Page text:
Unique Program Teaches Ethics Through Tragedy
Published: Monday, April 23, 2012
Updated: Wednesday, January 9, 2013 20:01
If those who do not know their history are doomed to repeat it, the graduate students participating in the 2012 Fellowships at Auschwitz for the Study of Professional Ethics (FASPE) seminars are better off than most.
FASPE selects up to 15 graduate students studying journalism, law, medicine, and theology each year to be part of a two-week program in New York, Poland, and Germany that uses the Holocaust to teach students about modern ethical issues facing their respective fields of study.
Nicholas Collura and Michael Rozier, S.J., both STM ’14, were selected to participate this year.
FASPE’s unique program hopes that by exposing religious and professional leaders to the ethical challenges and failures of past leaders, they will be able to help make better decisions in the future. It is currently working on adding a program for business students.“I decided to apply because it seemed like a unique opportunity to study this tragic yet watershed moment in modern history from a perspective of faith,” Rozier said in an e-mail. “For me, something as big as the Holocaust can’t help but bump up against something as big as God.”
The seminary program focuses on the topics of the fate of “God’s image” in the shadow of the Holocaust; Christian churches and military chaplains in Nazi Germany; Pope John Paul II and the encyclicals; post-war reconciliation, apologies, and confessions; religious faith, exclusivism, and temptations to prejudice and intolerance; and dealing with authoritarianism in religion and society.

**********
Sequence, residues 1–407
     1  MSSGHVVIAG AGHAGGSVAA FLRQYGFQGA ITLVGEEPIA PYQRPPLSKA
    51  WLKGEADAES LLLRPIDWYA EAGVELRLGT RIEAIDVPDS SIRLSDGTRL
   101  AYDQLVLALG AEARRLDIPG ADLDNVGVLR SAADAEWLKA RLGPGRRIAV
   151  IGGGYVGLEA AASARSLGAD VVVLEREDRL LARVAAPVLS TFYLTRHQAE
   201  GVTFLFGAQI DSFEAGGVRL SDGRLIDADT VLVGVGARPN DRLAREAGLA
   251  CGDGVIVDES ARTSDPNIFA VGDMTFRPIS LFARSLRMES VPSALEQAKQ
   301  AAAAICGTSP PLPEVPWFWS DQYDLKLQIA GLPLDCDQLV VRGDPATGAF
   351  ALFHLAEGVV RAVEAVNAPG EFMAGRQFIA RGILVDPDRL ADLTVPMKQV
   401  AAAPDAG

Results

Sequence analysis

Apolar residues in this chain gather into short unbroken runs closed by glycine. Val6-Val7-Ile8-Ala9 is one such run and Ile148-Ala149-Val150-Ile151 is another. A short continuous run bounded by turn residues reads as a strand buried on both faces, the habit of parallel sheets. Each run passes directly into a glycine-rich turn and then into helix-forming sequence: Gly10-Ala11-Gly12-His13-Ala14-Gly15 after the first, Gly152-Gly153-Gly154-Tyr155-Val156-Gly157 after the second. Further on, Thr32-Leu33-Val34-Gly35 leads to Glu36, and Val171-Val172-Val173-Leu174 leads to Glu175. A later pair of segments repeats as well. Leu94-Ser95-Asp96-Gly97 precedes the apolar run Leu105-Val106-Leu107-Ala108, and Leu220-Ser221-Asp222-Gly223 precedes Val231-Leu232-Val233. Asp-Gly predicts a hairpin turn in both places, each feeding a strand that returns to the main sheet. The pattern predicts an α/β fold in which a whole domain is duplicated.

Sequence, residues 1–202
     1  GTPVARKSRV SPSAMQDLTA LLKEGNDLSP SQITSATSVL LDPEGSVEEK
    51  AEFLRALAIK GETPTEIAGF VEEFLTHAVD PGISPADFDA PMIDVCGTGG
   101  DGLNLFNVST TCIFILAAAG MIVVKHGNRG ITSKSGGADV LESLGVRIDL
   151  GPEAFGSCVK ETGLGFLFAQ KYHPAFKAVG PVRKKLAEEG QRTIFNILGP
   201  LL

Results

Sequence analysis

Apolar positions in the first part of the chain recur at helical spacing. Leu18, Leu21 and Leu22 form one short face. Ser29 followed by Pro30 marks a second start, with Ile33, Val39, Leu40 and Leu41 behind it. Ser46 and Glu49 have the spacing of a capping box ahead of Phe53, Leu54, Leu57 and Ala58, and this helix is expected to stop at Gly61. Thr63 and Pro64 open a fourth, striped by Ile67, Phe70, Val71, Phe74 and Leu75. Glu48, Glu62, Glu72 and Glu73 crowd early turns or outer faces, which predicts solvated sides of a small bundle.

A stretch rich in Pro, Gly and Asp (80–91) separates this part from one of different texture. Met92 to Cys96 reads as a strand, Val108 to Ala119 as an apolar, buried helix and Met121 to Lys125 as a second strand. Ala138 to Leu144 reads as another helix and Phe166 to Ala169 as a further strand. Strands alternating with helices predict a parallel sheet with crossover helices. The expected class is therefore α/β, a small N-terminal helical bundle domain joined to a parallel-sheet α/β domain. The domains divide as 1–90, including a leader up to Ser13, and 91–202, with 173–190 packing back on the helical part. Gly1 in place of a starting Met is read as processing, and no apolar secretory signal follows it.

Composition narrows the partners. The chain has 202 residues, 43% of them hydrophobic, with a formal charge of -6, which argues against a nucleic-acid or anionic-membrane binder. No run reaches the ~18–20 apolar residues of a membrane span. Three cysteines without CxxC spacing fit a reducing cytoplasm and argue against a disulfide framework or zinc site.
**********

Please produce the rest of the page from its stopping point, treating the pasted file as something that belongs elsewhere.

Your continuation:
“I don’t want to go in with a defensive shield made up of whatever I think I already know or understand about the Holocaust,” Collura said. “I want to be vulnerable. I don’t know what I will bring back from this encounter, but it will certainly be interesting to find out.”
The program is comprised of visits to sites such as the Museum of Jewish History in New York, the Auschwitz-Berkenau concentration camp in Poland, and the Wannsee House, where Nazi leaders met to discuss plans for the Final Solution, in Germany.
Because interreligious dialogue is central to the FASPE’s seminary program, participants will get to hear from various religious leaders about contemporary ethics.
These include Khalid Latif, the executive director and Imam of New York University’s Islamic Center; Mychal Springer, the director of the Center for Pastoral Care at the Jewish Theological Seminary; and a Holocaust survivor.
In Europe, participants will explore both the historical and cultural past of the cities of Berlin, Auschwitz, and Krakow. Seminar topics include prominent Protestants’ reactions to Nazism and Catholics’ reactions to the Holocaust.
Participants will also tour the city of Krakow, Poland, to learn more about its Jewish, Catholic, and Polish history.
The FASPE program was founded in 2010. Since then, a total of 23 scholars have been selected.
“Whatever I gain from this experience is not really my own, but belongs to the greater community: those with whom I study, as well as those whom this experience, I hope, will help me to serve,” Collura said.